cancel
Showing results for 
Search instead for 
Did you mean: 
Highlighted
Level 1

ACCOUNTANTS

My current accountant is charging a fortune, since changing to Quickbooks, the work involved has reduced, how much should I be expecting to pay and does anyone recommend an online e accountant?

Solved
Best answer October 15, 2018

Best Answers
Highlighted
Level 8

ACCOUNTANTS

I work almost 100% remote with all of my clients and most I never meet in person and rarely speak to most of them on the phone ever, but is always their choice and they are welcome to call or we can meet anytime, but I tell them that is totally their call. All works fine remote with several for many years.  Two of them I had never met for a few years until the day they were finally audited I went to their office to assist (on DCAA Accounting System Audit) so met the client and the auditors (3) at the same time, but had been training them prior to audit and advising them on accounting for years before that, all knowing the audit would be coming. Industry-specific is definitely required in my GovCon industry, anyone not knowing industry will most likely not have a chance of getting through first audit much less the first 10 audits. Since I am talking from the consultant vs. client side, I will spare you on my hourly rate since I expect it would only be in range in my industry, so would likely sound very high to anyone here.

View solution in original post

9 Comments
Highlighted
Level 15

ACCOUNTANTS

How much you pay is really a local thing depending on the degree of service you get.

 

I would call around the local small business owners and see who they use, then contact them with your requirements. 

 

I know the web allows for remote accountants, but I am a dinosaur, I want to be able to walk in and do a face to face when something is wrong.

 

you can use this link to find a "local" proadvisor if you want

https://quickbooks.intuit.com/find-an-accountant/

Highlighted
Community Champion

ACCOUNTANTS


@Rustler wrote:

 

"I know the web allows for remote accountants, but I am a dinosaur..."

 

Ah, I have it in writing now!   LOL

 

Great answer for @MEANWOODBAXTER from Rustler. Spot on advice, as always.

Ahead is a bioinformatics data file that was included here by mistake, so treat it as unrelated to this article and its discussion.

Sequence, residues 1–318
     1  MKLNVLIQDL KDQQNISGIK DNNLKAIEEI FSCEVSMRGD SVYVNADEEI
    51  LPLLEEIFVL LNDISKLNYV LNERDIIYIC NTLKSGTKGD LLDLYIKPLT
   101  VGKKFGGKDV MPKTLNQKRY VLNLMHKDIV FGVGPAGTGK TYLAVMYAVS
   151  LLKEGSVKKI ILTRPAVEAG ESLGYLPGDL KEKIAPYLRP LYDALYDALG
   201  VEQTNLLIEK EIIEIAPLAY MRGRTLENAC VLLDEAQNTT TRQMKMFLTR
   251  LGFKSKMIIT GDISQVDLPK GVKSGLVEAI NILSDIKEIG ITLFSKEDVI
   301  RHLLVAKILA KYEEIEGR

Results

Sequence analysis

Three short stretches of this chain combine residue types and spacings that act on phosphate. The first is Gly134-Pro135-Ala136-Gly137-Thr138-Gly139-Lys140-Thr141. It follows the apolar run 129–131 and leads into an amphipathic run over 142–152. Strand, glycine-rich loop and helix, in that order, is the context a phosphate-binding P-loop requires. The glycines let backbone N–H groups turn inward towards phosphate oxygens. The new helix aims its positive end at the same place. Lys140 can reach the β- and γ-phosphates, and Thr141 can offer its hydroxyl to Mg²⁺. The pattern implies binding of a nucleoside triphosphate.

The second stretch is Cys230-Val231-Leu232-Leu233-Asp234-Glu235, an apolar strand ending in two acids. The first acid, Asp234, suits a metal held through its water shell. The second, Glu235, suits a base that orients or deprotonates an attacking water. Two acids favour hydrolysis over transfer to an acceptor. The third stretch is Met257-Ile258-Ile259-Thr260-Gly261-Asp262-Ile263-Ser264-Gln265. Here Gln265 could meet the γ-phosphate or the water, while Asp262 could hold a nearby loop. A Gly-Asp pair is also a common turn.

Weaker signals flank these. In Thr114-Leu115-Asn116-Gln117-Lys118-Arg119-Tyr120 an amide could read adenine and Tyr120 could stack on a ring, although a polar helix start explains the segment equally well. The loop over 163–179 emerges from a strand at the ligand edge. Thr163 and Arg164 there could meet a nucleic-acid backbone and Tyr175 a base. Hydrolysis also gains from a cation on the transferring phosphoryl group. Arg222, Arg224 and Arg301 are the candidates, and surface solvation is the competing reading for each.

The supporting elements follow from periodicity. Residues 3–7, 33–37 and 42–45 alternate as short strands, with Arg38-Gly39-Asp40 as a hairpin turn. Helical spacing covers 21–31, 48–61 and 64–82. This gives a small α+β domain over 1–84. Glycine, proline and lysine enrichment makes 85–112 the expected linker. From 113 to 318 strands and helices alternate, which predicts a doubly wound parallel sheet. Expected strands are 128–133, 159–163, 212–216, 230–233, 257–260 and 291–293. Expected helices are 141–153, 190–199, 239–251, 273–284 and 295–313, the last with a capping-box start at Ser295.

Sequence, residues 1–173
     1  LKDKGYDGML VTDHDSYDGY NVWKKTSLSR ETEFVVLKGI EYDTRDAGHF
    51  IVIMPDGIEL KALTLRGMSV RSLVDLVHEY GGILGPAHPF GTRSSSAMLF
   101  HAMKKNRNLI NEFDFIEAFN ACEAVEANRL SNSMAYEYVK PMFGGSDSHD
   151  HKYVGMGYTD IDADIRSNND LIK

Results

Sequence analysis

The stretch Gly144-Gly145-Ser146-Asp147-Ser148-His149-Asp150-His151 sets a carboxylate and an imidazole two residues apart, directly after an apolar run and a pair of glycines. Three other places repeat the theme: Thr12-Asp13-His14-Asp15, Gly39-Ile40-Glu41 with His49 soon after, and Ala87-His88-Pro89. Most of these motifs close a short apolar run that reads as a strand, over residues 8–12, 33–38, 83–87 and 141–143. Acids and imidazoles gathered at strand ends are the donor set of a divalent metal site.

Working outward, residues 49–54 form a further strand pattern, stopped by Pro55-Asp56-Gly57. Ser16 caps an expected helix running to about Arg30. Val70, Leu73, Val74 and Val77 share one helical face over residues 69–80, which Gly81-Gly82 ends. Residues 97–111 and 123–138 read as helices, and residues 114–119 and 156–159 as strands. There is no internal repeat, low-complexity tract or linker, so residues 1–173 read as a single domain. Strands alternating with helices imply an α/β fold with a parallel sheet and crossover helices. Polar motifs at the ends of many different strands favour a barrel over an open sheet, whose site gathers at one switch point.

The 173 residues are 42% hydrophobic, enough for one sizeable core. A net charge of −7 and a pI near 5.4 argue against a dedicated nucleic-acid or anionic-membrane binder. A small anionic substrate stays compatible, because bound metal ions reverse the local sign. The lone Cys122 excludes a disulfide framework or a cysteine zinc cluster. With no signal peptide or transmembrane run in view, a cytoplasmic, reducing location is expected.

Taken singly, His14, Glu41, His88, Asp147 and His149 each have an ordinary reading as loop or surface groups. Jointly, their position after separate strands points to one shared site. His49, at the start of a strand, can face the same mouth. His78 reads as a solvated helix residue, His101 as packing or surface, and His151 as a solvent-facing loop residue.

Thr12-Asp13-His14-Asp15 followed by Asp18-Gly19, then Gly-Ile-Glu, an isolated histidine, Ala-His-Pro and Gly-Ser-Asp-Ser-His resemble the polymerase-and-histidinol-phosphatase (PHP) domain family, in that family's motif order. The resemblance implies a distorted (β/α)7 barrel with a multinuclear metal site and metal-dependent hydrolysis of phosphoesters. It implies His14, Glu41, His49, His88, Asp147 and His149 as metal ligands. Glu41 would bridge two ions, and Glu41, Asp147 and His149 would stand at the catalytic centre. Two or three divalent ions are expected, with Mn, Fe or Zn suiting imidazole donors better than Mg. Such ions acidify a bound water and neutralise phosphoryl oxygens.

And I might add, it has been my experience that it is very important  to ask your potential accountant, "Do you USE QuickBooks Online and are comfortable logging in and making entries in it?"

 

I have had the opportunity to work with CPA's.  Many will begrudgingly use it.  When I finally found one to work with that is a wiz in QBO, it made the client processing so much easier at tax time.  

 

Lynda


 

Highlighted
Anonymous
Not applicable

ACCOUNTANTS

@MEANWOODBAXTER,

 

Great question. I think a large part of it depends on your preferences. Online/remote accounting is becoming increasingly popular, but are you the type of person who needs in-person meetings to get the most out of your consultation? How many times a year do you see your accountant? Do they need to be industry-specific or are you fine with generalists? 

 

Glad to hear the work has been drastically reduced. Has your accountant now become more of a checker than an advisor? 

 

And finally, with all the above answered, what do you think is a fair price for what you need? 

Highlighted
Level 8

ACCOUNTANTS

I work almost 100% remote with all of my clients and most I never meet in person and rarely speak to most of them on the phone ever, but is always their choice and they are welcome to call or we can meet anytime, but I tell them that is totally their call. All works fine remote with several for many years.  Two of them I had never met for a few years until the day they were finally audited I went to their office to assist (on DCAA Accounting System Audit) so met the client and the auditors (3) at the same time, but had been training them prior to audit and advising them on accounting for years before that, all knowing the audit would be coming. Industry-specific is definitely required in my GovCon industry, anyone not knowing industry will most likely not have a chance of getting through first audit much less the first 10 audits. Since I am talking from the consultant vs. client side, I will spare you on my hourly rate since I expect it would only be in range in my industry, so would likely sound very high to anyone here.